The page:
I expected cigarette smoke, beer and the sickly, sweet tang of girlie cocktails. And, desperation steeped in sweat.
Instead, Las Vegas smelled like rosemary and lavender with a hint of sweet orange. JW Marriott calls it “subtle sophistication,” part of a growing trend in brand marketing that engages multiple senses to influence consumer behavior.
The last leg in a 10-day trip out west, Las Vegas was our least anticipated destination. We’d hiked through canyons in Utah’s national parks, the Virgin River and climbed thousands of feet along switchbacks, breathing crisp, clean, exhilarating air.
So, when we entered the colossal resort/spa/casino, I held my nose.
My husband detected “subtle sophistication” on the elevator ride to our floor. “Do you smell that?” Sure enough. Rosemary and something sweetish. The not so subtle images of herbs and oranges that peppered the hotel’s marketing materials confirmed the ingredients of its version of branded sophistication.
Called sensory brand marketing, hotel behemoth’s like JW Marriott are among the early pioneers to capitalize on scent, sound, texture, and even taste to enhance the overall consumer experience. Hospitals are also employing scents to improve the patient and visitor satisfaction. The MRI unit at Florida Hospital Celebration Health, for example, is perfumed with an ocean scent and the waiting room on the Savannah Floor smells like grass.
Scent is a particularly powerful influencer because humans are hard-wired to respond emotionally to what they smell. The brain’s olfactory bulb, which detects odors, fast-tracks signals to the limbic system, which links emotion to memories. It’s why the scent of popcorn takes us directly to a theater, coconut reminds us of a sun drenched, sandy beach and cigar smoke makes us remember Uncle Bob.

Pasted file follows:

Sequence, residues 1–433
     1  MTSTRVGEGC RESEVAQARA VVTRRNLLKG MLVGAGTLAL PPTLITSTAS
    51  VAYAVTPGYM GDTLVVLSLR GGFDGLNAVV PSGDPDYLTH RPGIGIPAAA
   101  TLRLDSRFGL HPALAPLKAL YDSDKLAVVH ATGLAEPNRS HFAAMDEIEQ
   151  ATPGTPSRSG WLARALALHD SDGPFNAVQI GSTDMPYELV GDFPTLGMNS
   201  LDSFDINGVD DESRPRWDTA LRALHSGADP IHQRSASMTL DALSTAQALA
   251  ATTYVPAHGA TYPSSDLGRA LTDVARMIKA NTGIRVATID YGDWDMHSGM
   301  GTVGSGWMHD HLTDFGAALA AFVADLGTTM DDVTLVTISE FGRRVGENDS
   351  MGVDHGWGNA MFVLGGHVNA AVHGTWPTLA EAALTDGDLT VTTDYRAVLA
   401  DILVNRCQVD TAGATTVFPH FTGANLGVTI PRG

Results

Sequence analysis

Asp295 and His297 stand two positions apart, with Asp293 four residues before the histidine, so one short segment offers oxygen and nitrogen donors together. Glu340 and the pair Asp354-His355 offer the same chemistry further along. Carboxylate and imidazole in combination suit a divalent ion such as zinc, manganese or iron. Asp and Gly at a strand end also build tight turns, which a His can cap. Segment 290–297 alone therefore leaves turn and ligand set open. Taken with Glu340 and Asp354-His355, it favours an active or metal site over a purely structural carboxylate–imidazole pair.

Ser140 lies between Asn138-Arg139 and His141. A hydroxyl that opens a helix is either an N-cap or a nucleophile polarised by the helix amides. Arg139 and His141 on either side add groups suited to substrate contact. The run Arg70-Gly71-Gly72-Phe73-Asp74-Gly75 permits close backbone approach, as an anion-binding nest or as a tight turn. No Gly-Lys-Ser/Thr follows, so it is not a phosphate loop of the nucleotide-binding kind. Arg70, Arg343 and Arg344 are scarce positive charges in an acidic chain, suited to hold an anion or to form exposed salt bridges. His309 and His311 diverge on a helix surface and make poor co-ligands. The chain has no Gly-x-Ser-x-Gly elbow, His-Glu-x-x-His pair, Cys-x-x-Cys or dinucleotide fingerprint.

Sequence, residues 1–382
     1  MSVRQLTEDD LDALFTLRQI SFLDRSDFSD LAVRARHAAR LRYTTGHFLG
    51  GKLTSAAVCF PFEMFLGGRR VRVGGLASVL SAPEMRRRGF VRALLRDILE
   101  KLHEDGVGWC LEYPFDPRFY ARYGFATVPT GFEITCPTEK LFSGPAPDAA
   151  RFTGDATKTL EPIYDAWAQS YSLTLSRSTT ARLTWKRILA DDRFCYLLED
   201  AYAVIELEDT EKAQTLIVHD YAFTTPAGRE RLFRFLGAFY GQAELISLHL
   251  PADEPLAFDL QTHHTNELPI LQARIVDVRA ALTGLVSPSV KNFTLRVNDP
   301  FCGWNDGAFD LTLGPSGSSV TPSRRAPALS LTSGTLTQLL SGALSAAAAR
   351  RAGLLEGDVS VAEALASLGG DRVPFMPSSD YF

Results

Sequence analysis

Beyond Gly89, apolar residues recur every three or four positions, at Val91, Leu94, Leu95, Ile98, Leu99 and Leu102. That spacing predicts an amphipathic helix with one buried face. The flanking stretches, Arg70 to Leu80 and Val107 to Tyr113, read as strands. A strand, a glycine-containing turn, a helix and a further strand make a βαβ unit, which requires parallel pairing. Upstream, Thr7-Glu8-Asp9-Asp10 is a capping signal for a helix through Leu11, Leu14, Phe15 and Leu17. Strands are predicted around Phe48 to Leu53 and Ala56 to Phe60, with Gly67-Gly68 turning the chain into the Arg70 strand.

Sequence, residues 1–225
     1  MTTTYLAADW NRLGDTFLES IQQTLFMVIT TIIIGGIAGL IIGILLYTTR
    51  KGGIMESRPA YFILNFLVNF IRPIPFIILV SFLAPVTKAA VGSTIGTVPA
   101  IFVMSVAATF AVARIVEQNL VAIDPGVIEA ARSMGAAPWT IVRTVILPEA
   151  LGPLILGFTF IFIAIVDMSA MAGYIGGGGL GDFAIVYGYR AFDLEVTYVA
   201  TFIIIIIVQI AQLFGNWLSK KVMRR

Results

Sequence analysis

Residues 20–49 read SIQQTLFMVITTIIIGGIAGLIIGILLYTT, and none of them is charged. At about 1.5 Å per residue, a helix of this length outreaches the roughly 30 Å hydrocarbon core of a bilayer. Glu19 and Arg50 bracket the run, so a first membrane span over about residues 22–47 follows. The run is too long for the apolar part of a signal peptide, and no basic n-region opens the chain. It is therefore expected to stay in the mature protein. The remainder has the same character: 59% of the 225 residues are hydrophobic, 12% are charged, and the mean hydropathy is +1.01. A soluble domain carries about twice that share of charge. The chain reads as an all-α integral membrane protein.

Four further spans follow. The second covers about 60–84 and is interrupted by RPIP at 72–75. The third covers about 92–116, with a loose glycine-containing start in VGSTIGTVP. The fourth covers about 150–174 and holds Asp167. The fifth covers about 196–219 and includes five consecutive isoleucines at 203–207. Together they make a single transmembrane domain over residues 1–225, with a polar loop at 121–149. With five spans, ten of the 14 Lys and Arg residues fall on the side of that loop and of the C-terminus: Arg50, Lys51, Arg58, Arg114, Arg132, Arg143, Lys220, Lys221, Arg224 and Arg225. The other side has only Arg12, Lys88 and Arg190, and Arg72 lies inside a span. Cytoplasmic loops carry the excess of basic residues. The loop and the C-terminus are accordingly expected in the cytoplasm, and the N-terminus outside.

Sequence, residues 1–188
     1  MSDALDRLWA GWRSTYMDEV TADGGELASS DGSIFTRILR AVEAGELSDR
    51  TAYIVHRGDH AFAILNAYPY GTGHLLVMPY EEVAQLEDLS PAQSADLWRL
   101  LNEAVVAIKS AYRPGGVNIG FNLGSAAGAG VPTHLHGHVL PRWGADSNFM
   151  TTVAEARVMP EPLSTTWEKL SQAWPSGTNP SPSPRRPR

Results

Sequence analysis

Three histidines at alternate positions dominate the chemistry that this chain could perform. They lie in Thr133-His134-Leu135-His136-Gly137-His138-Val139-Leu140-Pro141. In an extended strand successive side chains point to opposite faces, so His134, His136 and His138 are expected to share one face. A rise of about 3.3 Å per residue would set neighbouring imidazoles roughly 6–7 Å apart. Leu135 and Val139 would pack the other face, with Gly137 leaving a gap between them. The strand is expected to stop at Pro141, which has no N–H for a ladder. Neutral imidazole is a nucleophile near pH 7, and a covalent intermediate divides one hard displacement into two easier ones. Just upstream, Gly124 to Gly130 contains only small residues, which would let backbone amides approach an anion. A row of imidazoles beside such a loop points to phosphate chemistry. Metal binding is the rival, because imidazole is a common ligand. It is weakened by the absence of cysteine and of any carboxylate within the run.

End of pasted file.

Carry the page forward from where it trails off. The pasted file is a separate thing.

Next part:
According to the Scent Marketing Institute, 75% of all the emotions we experience daily are prompted by scent. Positive, congruent scents make shoppers linger a bit longer and help condition them for purchase.
Shoppers at Nike were 80% more likely to purchase in a room perfumed with a floral scent than consumers in an unscented room. What’s more, they were willing to pay more for the same shoes. In another study, slot machine receipts increased by 53% in the scented area of a casino (Brand Sense, Martin Lindstrom, Free Press ,2005).
With brands competing among some 5,000 ads served daily to consumers, it’s no wonder a third of Fortune 500 companies are considering other channels to our wallets. What does your favorite brand smell like?